‘Barney Miller’ in a Box

Amid the hundreds of police shows on TV over the years, “Barney Miller” stood out for having the perfect mix of humor and seriousness.

Considered a comedy – it was a half hour and had a laugh track  — the run from 1975-82 worked chiefly because of its well drawn characters, solidly acted.

Beloved in memory, its entire run is being released today on “Barney Miller; The Complete Series” on Shout! Factory. The 25-DVD box has all 168 episodes from its eight year run along with the requisite commentary and updates from key producers and stars (Hal Linden is still a smooth guy).

The real bonus, though, is the addition of the 13-episode, single season of the Abe Vigoda spin-off “Fish,” never before on DVD. It’s the kind of failure to revel in (and made Vigoda a kind of cult figure – not to mention indie band name).

There’s no doubt that “Barney Miller” was a guy’s club – there was scarcely a woman in the cast. And it almost always was set in the dingy office of the 12th Precinct, a refreshing change from the slick and unconvincing cop shops presented on TV these days.

There was a camaraderie among the squad, which scarcely changed over the eight year run and featured such indelible characters as Wojo (Max Gail), Yemana (Jack Soo), Harris (Ron Glass0 and Dietrich (Steve Landesberg). Put any of those characters in a show now and they’d stick out as stereotypes. In “Barney Miller,” though, they all had the feel of originals.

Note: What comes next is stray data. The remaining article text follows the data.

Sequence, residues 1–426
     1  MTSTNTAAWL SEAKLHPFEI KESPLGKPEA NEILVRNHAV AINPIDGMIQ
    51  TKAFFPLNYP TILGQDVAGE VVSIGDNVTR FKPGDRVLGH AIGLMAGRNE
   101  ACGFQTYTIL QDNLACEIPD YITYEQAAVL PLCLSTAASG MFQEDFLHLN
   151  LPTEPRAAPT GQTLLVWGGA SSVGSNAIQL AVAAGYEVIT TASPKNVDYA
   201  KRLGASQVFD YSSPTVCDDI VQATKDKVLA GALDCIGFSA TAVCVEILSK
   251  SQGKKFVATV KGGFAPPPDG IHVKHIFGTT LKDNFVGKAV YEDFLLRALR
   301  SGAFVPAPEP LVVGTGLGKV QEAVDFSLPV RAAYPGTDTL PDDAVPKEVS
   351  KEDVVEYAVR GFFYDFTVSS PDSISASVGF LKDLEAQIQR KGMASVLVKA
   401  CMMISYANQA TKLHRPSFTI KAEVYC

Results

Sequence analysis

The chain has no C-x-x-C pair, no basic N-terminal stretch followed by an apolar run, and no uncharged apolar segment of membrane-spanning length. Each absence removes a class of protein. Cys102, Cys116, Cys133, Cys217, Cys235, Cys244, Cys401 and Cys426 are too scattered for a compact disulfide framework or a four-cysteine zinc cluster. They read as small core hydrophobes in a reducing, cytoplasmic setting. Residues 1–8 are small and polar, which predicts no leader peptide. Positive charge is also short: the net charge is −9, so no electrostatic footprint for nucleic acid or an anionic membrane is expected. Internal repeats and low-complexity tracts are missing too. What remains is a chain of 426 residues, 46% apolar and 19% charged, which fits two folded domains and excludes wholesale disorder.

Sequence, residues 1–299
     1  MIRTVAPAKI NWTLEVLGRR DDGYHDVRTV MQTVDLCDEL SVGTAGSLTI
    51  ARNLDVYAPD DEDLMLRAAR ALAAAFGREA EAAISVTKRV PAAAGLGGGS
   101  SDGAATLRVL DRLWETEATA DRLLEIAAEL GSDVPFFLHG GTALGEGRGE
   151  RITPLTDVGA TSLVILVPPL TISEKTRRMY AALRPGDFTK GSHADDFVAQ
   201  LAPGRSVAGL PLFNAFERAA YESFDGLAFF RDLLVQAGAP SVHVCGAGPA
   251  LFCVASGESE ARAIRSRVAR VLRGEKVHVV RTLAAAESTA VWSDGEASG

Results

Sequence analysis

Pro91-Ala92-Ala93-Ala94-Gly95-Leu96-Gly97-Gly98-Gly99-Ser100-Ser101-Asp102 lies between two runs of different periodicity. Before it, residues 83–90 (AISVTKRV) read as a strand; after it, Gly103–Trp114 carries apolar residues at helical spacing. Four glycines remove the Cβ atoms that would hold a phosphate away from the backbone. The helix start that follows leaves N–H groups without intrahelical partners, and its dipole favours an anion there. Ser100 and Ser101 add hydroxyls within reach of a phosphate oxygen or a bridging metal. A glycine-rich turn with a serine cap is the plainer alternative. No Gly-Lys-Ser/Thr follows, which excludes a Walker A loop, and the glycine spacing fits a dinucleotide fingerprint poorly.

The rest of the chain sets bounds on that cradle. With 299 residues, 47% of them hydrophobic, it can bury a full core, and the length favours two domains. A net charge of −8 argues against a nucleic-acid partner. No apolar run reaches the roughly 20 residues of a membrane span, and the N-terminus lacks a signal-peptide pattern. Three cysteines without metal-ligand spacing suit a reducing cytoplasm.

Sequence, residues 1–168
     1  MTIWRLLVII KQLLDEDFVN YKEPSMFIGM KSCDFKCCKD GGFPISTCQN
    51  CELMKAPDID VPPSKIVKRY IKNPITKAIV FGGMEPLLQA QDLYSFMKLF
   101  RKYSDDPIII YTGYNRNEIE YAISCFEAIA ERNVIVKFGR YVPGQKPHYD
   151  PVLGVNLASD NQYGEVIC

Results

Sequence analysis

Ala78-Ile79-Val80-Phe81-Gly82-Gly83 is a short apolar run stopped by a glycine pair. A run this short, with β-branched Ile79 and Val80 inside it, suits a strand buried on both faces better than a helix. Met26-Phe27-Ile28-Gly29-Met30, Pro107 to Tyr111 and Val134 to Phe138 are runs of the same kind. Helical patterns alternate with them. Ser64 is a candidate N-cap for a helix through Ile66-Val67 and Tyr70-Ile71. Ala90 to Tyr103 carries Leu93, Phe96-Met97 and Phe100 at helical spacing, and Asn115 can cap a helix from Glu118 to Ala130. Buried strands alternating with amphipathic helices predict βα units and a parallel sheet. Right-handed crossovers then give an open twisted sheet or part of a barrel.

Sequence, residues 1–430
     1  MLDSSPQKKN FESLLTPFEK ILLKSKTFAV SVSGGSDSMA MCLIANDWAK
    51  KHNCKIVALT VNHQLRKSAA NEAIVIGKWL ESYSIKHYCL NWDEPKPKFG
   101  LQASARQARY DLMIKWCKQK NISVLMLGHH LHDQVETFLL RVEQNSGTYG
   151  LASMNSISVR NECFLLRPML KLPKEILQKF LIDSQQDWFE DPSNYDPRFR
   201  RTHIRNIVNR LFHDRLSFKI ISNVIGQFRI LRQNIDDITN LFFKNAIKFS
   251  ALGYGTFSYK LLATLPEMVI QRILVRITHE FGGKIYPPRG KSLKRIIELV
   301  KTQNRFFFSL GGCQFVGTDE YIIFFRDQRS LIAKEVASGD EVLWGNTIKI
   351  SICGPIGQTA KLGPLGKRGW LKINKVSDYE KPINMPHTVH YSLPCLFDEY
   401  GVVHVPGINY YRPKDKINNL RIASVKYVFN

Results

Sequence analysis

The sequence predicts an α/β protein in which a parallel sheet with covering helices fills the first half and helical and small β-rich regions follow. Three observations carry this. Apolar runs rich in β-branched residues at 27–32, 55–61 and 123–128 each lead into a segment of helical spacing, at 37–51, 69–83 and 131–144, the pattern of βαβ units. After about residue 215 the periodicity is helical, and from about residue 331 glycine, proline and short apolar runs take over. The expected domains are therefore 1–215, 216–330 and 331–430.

The jokes sometimes failed, and the patter sometimes fell into the the usual rhythms of three-camera sitcoms.  But then you’d be surprised by all the contemporary issues raised by the show in a very distinct period of New York history, the World Trade Center towers gleaming in the opening and unemployment, hijacking and crime all around.

“Barney Miller” never pretended to be what it wasn’t; it didn’t run big sweeps stunts or even make a big fuss for its turn-off-the-lights finale – one caused not by low ratings but by the desire of its makers to end it while it was still good. If “Barney Miller” found a way to a large audience’s heart, it’s likely the hefty box set will find a favored spot on the shelf as well.

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